Semantics or not..Dharmakaya, Eternalism and the Self of Advaita

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Bakmoon
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Re: Semantics or not..Dharmakaya, Eternalism and the Self of Advaita

Post by Bakmoon » Sat Jul 01, 2017 12:51 am

Stefos wrote:So again to clariy, For me there IS a substratum: Emptiness, Clarity and Bliss

Is this what Sri Nagarjuna taught?
That is not the teaching of Nagarjuna. Nagarjuna's Mulamadhyamakakarikas have extensive proofs for how all conditioned phenomena are empty, and Nagarjuna also proves that unconditioned phenomena are empty. For example, he writes:
As arising, abiding, and cessation are not established,
There is nothing that is conditioned.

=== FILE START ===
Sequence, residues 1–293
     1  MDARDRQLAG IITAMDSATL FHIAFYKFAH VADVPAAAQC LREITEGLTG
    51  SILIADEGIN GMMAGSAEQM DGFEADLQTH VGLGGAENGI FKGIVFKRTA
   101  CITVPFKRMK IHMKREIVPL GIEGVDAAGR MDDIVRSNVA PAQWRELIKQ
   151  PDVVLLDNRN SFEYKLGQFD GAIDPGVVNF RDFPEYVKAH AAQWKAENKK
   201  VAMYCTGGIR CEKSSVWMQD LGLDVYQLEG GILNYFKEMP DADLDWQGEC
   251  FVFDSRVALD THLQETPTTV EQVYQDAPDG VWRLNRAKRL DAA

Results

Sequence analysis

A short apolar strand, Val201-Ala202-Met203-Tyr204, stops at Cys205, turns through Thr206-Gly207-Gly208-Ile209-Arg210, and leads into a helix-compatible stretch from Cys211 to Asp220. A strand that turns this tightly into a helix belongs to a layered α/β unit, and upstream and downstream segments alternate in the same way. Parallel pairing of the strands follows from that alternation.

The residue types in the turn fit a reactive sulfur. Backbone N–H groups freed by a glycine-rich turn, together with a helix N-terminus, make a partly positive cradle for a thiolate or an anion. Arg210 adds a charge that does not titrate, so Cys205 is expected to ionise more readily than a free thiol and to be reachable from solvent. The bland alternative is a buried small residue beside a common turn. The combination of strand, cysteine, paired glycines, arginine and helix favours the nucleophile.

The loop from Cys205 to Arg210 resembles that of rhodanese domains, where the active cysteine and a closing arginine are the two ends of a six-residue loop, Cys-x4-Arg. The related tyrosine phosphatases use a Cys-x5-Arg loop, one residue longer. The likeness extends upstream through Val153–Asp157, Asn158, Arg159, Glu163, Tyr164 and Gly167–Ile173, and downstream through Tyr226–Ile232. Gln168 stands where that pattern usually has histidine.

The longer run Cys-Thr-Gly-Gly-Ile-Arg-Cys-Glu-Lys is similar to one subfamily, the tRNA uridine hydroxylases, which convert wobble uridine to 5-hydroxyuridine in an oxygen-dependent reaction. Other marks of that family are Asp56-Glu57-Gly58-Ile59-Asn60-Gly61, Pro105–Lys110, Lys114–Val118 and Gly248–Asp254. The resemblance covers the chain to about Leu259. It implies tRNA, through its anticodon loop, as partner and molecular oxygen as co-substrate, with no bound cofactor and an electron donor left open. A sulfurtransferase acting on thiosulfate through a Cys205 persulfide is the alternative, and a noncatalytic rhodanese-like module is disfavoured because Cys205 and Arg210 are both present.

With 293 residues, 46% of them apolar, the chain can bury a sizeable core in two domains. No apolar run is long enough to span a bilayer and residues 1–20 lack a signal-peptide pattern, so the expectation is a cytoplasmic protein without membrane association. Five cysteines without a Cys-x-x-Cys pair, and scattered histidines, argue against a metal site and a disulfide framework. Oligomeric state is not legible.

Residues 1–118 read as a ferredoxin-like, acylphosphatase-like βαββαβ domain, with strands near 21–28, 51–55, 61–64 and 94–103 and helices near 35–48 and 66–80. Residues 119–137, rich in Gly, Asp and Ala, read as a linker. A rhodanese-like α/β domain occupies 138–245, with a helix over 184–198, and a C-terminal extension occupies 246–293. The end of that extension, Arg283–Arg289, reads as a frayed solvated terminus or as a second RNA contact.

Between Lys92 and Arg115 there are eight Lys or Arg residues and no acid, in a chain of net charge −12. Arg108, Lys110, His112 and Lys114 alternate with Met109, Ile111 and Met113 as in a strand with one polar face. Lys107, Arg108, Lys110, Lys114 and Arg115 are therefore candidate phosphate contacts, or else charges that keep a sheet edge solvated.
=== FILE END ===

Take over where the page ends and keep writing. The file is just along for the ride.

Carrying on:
Since the conditioned lacks any establishment,
How could the unconditioned be established? [VII.33]
For Nagarjuna, the very idea of being conditioned or unconditioned form a pair, and so both depend on one another, and you can't have one without the other. You can't have unconditioned phenomena without conditioned phenomena anymore than you can have north without south, or hot without cold.

I don't know much about Dzogchen, but I know that Longchenpa is considered to be one of the most important Dzogchen teachers in history, and according to him, the view of Dzogchen is equivalent to Prasangika Madhyamaka, so I don't see how Dzogchen could accept any sort of real phenomenon either, whether conditioned or unconditioned.
Stefos wrote:Would reading the above mentioned book: Ornament Of Reason: The Great Commentary To Nagarjuna's Root Of The Middle Way
assist me in understanding the view of emptiness in terms of the Dharmakaya?